Selk'nam is the name used by the nomadic people of Tierra del Fuego to identify their people and their culture. That is why this denomination is privileged, since the name Ona was given to them by the Yagán people and became popular after the colonization of the Austral territory, it did not come from the Selk´nam themselves.

This culture possessed a wide and diverse spiritual world manifested in ceremonies such as the Hain, a ritual initiation for adolescent males, in which certain secrets tending towards the preservation of the patriarchy were revealed.

Society

Padre Alberto de Agostini junto a chamán Selk'nam

The family was the basic nucleus. Monogamous marriages were usual, though a man could have two women.

No hierarchy such as the of cacique was known among the Selk'nam people , due to the fact that they were organized in families.

Only the shamans, known as kon, who were recognized as having special powers were respected and feared. They cured the sick and took charge of religious ceremonies.

Social relationships were based on patriarchal kinship, expressed in the establishment of the married couple with the family of the male (virilocal). A family might consist of four or five generations.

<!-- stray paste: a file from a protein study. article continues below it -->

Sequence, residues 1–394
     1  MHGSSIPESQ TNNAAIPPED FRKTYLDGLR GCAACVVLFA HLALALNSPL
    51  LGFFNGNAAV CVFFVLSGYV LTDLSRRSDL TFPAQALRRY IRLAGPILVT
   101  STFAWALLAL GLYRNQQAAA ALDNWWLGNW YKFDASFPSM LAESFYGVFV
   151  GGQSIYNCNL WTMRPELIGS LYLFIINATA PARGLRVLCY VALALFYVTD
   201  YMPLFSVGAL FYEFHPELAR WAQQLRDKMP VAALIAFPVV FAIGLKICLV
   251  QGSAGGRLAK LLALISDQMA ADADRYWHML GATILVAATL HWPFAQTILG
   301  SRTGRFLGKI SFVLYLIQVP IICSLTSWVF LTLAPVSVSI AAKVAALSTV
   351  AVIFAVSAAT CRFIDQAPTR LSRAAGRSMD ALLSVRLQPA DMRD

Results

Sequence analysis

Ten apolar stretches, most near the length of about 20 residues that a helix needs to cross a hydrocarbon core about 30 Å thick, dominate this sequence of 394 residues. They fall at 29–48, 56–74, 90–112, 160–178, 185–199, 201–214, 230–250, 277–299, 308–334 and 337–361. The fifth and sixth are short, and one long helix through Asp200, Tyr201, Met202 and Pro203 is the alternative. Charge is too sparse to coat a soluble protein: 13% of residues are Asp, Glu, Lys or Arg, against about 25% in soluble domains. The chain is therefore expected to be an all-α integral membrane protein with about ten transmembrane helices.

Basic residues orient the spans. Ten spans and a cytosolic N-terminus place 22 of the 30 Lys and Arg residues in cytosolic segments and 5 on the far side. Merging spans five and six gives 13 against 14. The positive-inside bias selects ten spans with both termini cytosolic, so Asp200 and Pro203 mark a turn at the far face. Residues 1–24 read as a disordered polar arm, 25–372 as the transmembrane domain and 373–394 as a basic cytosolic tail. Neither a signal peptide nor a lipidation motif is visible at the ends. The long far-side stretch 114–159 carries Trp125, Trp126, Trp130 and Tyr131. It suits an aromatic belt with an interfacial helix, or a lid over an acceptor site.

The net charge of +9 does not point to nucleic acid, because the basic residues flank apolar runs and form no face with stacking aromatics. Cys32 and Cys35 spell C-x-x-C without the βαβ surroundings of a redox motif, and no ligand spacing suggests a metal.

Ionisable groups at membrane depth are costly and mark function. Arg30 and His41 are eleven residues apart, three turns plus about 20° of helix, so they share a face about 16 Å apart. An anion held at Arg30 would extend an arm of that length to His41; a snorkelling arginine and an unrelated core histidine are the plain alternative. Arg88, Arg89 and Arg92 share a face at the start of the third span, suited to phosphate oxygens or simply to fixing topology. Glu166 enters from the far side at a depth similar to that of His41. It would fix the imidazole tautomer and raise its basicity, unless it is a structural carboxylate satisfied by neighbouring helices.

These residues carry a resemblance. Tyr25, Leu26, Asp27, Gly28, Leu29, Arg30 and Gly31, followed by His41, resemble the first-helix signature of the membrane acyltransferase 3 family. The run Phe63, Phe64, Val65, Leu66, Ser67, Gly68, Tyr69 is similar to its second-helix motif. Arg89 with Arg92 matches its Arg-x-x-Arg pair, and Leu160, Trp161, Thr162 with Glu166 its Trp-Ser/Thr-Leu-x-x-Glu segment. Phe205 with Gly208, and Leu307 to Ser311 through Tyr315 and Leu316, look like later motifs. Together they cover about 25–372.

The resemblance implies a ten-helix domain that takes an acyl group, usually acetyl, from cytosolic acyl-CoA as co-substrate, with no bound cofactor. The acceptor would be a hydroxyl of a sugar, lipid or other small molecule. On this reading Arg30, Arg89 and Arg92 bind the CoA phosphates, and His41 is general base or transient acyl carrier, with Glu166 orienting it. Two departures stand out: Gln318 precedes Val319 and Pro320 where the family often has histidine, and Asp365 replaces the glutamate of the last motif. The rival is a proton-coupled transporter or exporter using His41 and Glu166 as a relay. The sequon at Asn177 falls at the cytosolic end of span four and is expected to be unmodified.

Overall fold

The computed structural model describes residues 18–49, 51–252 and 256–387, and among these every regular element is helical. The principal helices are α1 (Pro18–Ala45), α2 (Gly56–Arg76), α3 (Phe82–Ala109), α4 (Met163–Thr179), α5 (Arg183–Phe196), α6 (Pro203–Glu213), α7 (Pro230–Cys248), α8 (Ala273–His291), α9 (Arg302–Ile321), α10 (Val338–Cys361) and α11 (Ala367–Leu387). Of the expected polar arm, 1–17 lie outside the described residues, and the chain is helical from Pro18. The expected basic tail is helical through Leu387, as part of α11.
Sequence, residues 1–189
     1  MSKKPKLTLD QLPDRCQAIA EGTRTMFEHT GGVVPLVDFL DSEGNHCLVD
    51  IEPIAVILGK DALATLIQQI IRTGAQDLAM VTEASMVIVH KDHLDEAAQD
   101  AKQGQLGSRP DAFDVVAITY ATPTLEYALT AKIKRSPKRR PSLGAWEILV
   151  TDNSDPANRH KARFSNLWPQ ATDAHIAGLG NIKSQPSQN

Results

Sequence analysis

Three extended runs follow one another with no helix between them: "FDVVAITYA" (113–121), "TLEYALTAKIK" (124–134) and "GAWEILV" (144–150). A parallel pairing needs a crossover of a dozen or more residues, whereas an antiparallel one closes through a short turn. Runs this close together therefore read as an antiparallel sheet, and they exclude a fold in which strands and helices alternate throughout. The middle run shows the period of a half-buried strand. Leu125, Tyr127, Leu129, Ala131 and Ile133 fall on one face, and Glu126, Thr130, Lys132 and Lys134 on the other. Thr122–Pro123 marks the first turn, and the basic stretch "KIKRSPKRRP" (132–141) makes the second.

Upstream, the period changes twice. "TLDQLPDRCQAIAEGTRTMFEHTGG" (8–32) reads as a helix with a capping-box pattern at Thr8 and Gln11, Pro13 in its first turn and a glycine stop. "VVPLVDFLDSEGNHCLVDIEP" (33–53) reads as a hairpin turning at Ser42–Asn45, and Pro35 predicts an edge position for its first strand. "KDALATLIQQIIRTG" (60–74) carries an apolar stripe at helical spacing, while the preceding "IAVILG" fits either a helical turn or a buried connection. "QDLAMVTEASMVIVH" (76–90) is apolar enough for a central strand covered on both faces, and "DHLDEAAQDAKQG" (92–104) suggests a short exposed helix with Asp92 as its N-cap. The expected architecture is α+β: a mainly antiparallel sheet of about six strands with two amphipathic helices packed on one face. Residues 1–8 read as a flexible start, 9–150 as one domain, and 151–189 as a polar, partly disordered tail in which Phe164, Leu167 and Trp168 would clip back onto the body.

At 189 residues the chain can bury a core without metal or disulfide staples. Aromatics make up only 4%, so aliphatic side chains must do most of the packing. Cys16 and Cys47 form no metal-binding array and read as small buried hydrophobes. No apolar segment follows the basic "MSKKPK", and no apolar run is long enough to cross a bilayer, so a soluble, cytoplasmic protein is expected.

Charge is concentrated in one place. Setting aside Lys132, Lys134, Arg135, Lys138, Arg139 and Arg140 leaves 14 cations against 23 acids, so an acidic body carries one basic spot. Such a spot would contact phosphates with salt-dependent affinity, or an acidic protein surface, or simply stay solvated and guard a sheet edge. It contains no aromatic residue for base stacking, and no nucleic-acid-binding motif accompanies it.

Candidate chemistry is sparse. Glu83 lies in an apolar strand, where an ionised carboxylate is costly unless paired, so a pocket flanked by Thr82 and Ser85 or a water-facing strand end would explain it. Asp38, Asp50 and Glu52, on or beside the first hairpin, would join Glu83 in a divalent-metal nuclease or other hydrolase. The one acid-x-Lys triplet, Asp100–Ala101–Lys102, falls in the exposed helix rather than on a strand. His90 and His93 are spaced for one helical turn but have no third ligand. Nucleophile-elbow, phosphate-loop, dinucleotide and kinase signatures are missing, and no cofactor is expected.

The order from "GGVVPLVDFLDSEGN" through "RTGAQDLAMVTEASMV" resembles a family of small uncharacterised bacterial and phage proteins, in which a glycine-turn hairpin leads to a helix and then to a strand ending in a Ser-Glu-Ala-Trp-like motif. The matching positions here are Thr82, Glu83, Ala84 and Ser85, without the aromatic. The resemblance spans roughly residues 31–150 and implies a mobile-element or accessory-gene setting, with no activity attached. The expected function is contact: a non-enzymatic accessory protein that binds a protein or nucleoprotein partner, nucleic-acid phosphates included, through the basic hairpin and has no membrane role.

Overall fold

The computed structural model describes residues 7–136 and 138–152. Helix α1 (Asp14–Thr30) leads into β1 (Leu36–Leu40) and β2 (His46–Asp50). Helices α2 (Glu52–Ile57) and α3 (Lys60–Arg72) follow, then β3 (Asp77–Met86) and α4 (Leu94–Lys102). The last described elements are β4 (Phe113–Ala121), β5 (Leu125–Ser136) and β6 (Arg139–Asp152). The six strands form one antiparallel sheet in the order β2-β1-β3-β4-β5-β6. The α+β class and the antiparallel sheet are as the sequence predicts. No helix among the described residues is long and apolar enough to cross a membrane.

Selk´nam territory, property of an extended family, was traditionally sub-divided in 40 family districts, which had limits known by all, according to the ethnologist Martín Gusinde. To travel to another territory, the Selk'nam must have the consent of their neighbors.

Customs

Chaman y familia

The Selk'nam people took pride in their personal appearance. Any opportunity was taken advantage of for painting their bodies and faces. The most common adornments among women and children were necklaces made of seashells and the bones of birds.

In daily life the men used no adornments, on scarce occasions they used a crown made of feathers, which constituted a privilege and indicated that he was fulfilling a special role, generally during a ceremony.

The main dress was a long cape of guanaco fur, from the neck to the knees, which was used as a protection from the cold. On occasions this cape was made from the skin of foxes or cururos, this last was used by the groups further north. The skins were scrapped and left to stretch on stakes. They were then sewn together using tendons of the same animal.

The male cape was not fixed to the body, the top part must be held together with the left hand against the chest. This allowed the hunters to remove the garment easily in order to capture their prey.

Selk'nam Origins

Mujer Selk'nam

The Selk´nam people called its territory, where they lived over 10.000 years ago, Karukinka, the same land that the Spaniards called Land of Smoke and Later Tierra del Fuego (Land of Fire), due to the fires lit by the natives at night and were seen from the sea by the sailors.

The Selk´nam explained this fact through legends that narrate how their ancestors became isolated when the water rose, permanently separating them from their continental brothers.

Two religious organizations created reservations for the surviving natives: one on Dawson Island and another in Ushuaia. The first was created by a Salesian missionary, he managed to bring together close to 1.000 Selk´nam, but it was closed in 1912.